Australian Spiders: What Travelers Need to Know

From bite prevention to first aid, these are the things travelers need to know about dangerous Australian spiders. Find out what to do if you're bitten and how to identify a spider.

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The Sydney Funnel Web spider Photo © Getty Images/James van den Broek

Of course, Australia has spiders, but the place isn't overrun with them. If it's your first time visiting Australia, don't panic. While we may have some of the world's most venomous species, most of the time you will hardly notice they're there and are only really seen if you a) go looking for them or b) they happen to pop up under or inside something. They are more scared of us than we are of them.

Here's what you need to know about the species of spider in Australia, what to look out for, and what to do if you are bitten by a spider.

Spiders in Australia

There are over 2000 species of spider in Australia but thankfully only a small number of those are actually dangerous to humans. All spiders have venom glands, but only some species have fangs large enough to puncture the skin and cause a reaction.

The first death in Australia caused by spider bite was recorded in 2016, the first since 1981. However, approximately 2000 people are bitten each year by redback spiders (an effective anti-venom for redback spiders was introduced in 1956), and funnel-web spider anti-venom has been given to at least 100 patients since 1980 when it was first developed.

The most common species people tend to interact with are:

Redback

Related to the North American widow spiders, these black and red beauties (sometimes orange too) like to hide away from the world in dark secluded spots such as letterboxes, under ledges, outdoor furniture, around bbqs and other hidey spots; often decorated with sticky haphazard webs.

Redback Spider Photo credit: GettyImages/Paige Epifaniou-EyeEm

Funnel Web

Funnel webs and redbacks are probably the most iconic eight legged beasties in Australia. They aren't big fans of daylight so will hide away, with shoes and clothing being a known favourite hang out spot or in a small web lined burrow if outdoors. They can become aggressive if disturbed, often forming that characteristic strike pose with their front legs in the air and large fangs on show. Funnel web spider habitat extends primarily along the east coast of Australia, with summer being peak activity season for funnel webs. Sometimes these spiders are found in swimming pools.

White Tailed

Like other species, white tailed spiders like to hide out and are mainly seen at night as they look for food. You will often see them around rainy weather as they crawl out of their hidey spots into homes seeking shelter from the moisture. They are grey to black in color with a white tip on their abdomen hence the "white tailed" and are found across Australia.

Huntsman

Found all over Australia, these guys aren't dangerous to humans however they are just super fast movers and sometimes have a tendency to jump. They look scary because they can grow large, have long legs and are somewhat hairy. But.. they are the best pest control so if you have one hanging around your accommodation or wherever you may be, leave it there to munch on bugs. They like to hide out under tree bark, logs and rocks. Unfortunately, they do have a reputation of hiding out under the sun visor in cars, scuttling across the dashboard or windscreen, so make sure you wind your windows up and close that sunroof overnight.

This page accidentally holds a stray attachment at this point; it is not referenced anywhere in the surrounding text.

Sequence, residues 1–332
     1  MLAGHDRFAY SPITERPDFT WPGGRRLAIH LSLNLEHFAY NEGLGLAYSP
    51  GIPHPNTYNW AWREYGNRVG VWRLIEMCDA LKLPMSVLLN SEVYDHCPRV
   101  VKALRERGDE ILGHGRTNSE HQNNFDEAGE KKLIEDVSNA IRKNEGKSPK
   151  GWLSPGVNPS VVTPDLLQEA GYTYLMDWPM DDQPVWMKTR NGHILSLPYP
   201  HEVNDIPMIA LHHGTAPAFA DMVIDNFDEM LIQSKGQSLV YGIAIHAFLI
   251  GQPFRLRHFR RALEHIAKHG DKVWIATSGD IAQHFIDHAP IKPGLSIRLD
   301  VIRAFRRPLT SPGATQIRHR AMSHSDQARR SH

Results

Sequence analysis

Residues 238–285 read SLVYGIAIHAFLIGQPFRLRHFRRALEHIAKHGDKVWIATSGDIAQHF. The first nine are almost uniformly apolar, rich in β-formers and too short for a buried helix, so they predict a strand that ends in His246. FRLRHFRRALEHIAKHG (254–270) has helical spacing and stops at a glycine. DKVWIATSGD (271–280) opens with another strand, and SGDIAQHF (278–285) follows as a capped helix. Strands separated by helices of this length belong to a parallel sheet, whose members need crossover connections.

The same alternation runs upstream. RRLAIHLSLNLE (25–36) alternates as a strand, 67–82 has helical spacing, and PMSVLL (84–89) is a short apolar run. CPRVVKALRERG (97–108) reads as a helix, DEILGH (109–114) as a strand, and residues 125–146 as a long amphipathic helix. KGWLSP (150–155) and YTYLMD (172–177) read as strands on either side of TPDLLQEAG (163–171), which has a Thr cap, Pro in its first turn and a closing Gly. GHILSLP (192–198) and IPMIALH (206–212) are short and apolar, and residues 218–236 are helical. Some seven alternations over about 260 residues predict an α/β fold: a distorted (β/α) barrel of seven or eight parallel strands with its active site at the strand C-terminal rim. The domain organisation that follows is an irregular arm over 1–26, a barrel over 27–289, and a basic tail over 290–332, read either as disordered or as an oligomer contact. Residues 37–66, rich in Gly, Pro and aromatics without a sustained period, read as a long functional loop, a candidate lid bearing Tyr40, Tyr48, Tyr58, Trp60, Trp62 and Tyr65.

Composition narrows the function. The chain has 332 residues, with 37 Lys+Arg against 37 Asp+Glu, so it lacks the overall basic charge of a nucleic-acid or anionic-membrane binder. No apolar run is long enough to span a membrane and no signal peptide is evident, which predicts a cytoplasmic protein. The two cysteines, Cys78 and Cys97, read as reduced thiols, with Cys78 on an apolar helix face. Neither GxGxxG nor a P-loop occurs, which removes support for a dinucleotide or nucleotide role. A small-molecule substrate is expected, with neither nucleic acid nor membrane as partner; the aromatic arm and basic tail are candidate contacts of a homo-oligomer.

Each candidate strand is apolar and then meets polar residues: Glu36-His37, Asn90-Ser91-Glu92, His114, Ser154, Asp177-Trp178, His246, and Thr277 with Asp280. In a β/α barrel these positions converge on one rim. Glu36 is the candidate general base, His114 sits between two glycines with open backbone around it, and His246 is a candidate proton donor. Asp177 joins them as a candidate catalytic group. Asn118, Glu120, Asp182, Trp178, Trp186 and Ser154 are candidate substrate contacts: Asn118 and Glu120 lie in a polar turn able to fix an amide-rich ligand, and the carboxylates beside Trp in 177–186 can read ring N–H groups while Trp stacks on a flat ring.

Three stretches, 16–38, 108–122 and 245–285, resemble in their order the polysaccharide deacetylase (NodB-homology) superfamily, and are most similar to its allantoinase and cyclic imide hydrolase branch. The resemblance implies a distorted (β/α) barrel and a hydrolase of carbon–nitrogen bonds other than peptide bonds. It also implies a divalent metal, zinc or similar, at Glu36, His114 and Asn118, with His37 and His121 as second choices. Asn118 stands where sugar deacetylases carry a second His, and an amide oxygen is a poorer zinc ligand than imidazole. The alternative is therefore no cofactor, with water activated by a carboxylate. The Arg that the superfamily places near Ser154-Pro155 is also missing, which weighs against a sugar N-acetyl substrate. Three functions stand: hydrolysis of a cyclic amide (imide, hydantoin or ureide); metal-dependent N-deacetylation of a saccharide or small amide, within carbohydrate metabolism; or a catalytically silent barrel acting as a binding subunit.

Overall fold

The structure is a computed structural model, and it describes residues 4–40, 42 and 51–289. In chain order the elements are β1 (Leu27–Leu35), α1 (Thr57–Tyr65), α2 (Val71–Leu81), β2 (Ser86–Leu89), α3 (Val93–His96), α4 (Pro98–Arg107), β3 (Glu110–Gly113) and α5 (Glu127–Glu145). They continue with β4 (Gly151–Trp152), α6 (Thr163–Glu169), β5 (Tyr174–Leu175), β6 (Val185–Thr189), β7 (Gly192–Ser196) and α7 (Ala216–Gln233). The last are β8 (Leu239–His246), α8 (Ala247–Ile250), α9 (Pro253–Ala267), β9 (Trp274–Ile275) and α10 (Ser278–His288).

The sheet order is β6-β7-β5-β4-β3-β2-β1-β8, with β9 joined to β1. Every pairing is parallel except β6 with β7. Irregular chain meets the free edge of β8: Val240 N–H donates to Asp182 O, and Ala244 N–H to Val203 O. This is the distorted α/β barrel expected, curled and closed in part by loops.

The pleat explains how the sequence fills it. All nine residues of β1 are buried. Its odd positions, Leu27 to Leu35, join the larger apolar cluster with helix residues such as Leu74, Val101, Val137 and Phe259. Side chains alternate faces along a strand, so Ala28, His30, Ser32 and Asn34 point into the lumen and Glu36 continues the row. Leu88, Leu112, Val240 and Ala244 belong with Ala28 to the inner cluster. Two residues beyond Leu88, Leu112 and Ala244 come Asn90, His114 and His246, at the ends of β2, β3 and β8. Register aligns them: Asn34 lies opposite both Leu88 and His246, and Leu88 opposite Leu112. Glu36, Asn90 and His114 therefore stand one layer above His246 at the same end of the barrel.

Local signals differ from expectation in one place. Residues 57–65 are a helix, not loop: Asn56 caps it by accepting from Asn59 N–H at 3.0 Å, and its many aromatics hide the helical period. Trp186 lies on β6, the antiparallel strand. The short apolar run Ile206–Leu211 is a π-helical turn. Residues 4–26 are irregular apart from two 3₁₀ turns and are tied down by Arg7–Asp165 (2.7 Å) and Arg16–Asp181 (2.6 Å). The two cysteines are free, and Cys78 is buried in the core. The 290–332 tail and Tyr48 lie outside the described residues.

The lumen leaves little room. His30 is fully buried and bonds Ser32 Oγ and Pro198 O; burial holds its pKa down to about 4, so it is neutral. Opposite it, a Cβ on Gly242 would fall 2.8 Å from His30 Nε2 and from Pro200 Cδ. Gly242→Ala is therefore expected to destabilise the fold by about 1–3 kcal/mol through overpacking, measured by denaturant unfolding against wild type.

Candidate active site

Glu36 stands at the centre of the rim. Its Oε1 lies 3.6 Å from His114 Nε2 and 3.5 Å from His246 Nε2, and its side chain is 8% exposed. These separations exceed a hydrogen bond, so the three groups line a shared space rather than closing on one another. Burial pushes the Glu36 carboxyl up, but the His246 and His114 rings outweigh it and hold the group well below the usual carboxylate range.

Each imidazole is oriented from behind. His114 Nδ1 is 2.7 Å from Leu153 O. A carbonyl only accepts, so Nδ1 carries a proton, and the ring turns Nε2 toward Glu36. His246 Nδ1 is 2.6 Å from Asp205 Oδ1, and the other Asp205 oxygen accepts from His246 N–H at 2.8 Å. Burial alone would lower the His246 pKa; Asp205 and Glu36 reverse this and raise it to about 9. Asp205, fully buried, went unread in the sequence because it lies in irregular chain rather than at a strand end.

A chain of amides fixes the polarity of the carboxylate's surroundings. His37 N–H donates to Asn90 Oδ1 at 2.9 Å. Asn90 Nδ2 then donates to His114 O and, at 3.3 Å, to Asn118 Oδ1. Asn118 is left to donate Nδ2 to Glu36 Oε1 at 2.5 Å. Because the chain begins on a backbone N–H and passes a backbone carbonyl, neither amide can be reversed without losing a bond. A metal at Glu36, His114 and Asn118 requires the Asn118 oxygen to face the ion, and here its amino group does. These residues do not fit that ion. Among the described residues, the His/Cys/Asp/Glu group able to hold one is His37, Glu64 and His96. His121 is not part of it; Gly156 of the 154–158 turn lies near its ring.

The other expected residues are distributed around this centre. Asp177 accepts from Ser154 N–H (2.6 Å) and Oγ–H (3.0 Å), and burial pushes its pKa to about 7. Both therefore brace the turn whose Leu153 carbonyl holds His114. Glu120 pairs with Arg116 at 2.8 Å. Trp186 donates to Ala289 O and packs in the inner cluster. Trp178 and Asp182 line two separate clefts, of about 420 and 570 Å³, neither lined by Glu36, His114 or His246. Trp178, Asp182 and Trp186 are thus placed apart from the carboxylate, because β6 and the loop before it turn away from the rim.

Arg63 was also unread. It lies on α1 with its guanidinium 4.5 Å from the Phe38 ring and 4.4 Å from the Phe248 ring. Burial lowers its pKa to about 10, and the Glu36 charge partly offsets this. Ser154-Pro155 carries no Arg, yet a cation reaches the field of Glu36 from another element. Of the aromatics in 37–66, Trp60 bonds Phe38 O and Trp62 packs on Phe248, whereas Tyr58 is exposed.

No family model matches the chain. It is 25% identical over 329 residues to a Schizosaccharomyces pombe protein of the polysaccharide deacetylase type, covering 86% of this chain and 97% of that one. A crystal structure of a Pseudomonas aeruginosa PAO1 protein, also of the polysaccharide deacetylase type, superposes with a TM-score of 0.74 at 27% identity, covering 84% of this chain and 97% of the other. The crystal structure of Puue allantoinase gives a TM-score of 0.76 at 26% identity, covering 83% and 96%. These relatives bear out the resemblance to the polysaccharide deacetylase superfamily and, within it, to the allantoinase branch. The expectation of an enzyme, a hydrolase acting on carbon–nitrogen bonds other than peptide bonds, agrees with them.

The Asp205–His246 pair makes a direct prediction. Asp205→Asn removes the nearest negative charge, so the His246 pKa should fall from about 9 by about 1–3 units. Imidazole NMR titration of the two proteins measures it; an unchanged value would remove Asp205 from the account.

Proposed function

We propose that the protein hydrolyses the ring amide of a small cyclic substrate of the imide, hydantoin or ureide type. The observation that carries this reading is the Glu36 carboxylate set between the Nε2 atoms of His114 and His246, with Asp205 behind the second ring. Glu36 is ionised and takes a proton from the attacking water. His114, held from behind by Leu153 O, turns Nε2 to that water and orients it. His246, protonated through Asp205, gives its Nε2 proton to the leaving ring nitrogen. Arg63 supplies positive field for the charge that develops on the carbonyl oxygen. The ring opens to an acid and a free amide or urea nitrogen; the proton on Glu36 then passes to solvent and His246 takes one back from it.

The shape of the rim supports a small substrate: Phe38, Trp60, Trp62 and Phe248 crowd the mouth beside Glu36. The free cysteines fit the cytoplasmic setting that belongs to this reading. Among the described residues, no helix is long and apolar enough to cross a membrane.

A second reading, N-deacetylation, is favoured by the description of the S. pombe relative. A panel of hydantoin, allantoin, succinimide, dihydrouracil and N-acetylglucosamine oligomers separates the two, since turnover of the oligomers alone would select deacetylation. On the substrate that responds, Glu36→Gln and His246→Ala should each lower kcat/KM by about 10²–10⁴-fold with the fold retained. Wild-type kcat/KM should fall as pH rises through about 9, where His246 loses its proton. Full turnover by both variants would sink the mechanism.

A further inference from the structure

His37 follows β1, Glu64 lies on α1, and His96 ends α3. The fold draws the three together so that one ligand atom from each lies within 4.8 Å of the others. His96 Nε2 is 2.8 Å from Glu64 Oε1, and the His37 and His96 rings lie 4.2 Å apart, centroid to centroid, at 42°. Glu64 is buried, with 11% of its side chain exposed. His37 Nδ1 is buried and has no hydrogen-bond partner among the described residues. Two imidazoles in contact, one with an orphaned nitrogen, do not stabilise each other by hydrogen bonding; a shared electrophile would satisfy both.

Huntsman Photo credit: GettyImages/Gwengoat

Spider bite prevention

  • Always shake out your shoes before putting them on, particuarly if you have left them outside
  • Avoid leaving clothes or towels on the floor
  • Wear shoes when you're outside and also at night
  • Check your bedding if it's on or close to the floor
  • If you spot a spider in a swimming pool, don't make the assumption that it has drowned. Some spiders will survive off the air bubbles attached to their leg hairs for hours. Funnel webs are known to be the Aussie pool scuba divers of the spider world, so fish the spider out with a pool net or if there is nothing around to get the spider out, probably best to avoid it and have a cool shower instead rather than risk being bitten underwater.

First aid for spider bites

If safe to do, collect the spider for identification in a sealable container or take a photo of it. If not possible, do your best to describe the spider once you arrive at hospital focusing on features such as size, color, patterning, where you were when bitten etc.

Funnel Web Spider

The main job of first-aid for a funnel-web spider bite is to prevent the venom from passing through to the lymphatic system and eventually into the bloodstream. The pressure/ immobilization technique (as for snake bite) does this by compressing surface tissues and reducing muscle movement, slowing the lymphatic flow.

  • Keep the patient as calm and quiet as possible
  • Ring 000
  • Keep the affected limb down and patient still
  • Apply a pressure bandage as tightly, starting from the bitten area, bandage down to the end of the limb and then back to the top of the limb
  • Bind a rigid splint onto the limb to prevent limb movement.

Redback Spider

The treatment for a redback spider bite is much different to that of a funnel web. 

  • Keep the patient as calm and quiet as possible
  • Ring 000
  • Keep the affected limb down and patient still
  • Apply ice or a cold pack to the bite site
  • Do not apply a compression bandage.

For other types of spider bite e.g white tailed, wolf, trapdoor

  • Use an ice pack to lessen the pain and swelling
  • Seek medical treatment

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